Prior to visiting Pittsburgh, Pennsylvania, I had images in my mind of the remnants of an industrial history; so chimneys, vast steel plants and coal faces, grime and dirty streets, and a hugely urbanised environment.
What I have actually come across is a city swathed with public spaces, greenery, and one which is making the most of its industrial heritage as a resource. When I arrived I took in a view that would rival any tourist spot in the world, looking over a trio of rivers, parks, and a range of bridge structures which set Pittsburgh as the most liveable city in the United States.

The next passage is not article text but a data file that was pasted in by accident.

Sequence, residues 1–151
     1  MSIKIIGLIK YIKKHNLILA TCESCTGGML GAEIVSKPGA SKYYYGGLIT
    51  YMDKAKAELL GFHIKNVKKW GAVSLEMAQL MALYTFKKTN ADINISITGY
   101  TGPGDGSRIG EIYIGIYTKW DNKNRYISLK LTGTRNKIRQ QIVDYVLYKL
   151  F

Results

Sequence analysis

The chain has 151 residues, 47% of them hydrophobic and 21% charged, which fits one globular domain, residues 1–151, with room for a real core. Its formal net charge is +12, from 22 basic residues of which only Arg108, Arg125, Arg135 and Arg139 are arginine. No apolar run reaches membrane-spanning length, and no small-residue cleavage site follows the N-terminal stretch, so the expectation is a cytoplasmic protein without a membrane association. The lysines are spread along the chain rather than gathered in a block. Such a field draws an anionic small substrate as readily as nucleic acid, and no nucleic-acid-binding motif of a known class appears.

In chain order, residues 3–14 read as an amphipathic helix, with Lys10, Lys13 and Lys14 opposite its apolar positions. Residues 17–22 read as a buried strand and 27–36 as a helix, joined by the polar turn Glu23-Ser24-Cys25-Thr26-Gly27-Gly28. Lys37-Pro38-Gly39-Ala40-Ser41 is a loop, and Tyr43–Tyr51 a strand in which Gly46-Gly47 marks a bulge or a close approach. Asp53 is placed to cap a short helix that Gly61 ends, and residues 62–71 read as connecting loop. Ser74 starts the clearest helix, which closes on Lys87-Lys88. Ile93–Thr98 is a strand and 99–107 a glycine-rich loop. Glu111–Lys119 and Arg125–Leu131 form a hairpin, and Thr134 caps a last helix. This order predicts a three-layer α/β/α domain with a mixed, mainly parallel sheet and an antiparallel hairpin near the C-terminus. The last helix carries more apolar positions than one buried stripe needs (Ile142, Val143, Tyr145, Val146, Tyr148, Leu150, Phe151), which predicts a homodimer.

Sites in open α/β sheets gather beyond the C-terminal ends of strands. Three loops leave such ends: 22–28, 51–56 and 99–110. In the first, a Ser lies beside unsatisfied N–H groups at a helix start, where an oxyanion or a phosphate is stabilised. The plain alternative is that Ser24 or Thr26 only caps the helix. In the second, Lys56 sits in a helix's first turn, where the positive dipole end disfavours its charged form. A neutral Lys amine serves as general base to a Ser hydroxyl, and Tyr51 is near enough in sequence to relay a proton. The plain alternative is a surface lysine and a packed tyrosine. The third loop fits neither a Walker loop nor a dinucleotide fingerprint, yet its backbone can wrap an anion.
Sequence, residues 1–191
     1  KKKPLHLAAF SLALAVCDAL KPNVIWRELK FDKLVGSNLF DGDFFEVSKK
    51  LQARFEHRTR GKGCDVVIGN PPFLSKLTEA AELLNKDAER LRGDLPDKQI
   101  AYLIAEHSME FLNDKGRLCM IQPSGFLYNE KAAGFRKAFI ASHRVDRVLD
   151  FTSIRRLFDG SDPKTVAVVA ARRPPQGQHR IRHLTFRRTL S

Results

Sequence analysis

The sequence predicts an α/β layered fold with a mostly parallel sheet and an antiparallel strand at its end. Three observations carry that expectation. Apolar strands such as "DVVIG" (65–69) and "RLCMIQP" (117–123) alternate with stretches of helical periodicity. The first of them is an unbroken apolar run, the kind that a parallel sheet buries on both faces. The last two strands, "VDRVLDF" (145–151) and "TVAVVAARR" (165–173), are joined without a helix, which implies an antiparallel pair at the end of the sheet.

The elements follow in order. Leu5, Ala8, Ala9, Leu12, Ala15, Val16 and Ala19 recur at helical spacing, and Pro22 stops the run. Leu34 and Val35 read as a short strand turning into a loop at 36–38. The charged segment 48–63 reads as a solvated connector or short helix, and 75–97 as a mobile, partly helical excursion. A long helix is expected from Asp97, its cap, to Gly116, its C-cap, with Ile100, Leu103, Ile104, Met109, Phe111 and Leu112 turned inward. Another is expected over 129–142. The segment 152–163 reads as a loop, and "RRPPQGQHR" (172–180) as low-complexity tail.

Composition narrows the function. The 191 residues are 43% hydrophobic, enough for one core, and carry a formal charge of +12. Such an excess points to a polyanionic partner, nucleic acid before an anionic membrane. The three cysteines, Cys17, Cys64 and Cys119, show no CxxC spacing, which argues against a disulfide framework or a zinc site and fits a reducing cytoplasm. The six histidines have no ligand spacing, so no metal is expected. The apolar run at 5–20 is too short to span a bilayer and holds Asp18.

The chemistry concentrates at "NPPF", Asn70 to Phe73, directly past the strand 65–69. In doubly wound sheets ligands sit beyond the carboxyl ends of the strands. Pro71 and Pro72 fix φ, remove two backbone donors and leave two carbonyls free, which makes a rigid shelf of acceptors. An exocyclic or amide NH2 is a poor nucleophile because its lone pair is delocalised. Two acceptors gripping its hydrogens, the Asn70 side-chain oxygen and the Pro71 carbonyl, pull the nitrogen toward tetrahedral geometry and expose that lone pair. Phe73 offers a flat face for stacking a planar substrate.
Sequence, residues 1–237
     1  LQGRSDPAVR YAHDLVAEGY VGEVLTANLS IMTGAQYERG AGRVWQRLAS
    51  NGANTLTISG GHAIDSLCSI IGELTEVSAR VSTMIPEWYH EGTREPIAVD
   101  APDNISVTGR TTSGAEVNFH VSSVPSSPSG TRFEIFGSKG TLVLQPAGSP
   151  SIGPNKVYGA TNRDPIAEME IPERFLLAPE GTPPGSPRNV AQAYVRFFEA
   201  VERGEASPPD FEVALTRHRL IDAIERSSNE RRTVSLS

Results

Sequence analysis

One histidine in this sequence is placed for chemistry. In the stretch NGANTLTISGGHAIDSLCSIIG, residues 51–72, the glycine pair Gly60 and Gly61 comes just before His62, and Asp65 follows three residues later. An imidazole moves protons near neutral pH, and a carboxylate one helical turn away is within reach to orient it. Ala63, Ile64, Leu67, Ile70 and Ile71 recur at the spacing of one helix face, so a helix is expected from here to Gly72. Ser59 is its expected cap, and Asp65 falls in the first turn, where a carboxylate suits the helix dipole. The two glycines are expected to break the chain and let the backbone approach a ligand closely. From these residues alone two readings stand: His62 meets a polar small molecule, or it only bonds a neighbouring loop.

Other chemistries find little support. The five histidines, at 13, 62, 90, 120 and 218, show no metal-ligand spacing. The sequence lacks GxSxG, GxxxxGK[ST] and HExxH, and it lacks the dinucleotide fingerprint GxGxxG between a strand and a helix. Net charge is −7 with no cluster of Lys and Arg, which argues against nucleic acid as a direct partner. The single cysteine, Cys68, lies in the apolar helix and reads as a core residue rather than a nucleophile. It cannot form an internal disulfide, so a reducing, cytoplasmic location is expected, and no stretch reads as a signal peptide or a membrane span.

The response to economic decline in Pittsburgh has, like Cleveland, been shaped by collaboration across organisations, philanthropic capital from a range of foundations, developing entrepreneurship through its core anchor institutions and in raising the profile of Pittsburgh as a place to invest in.
What is different has been the approach to making the most of Pittsburgh’s environmental assets as spaces for both development and social interaction. So Pittsburgh has a rejuvenated riverfront lined with walkways and parks, spaces for taking in the view as described, and urban space which is both clean and utilised for a range of activities.
[Photo credit: Dollar Photo Club]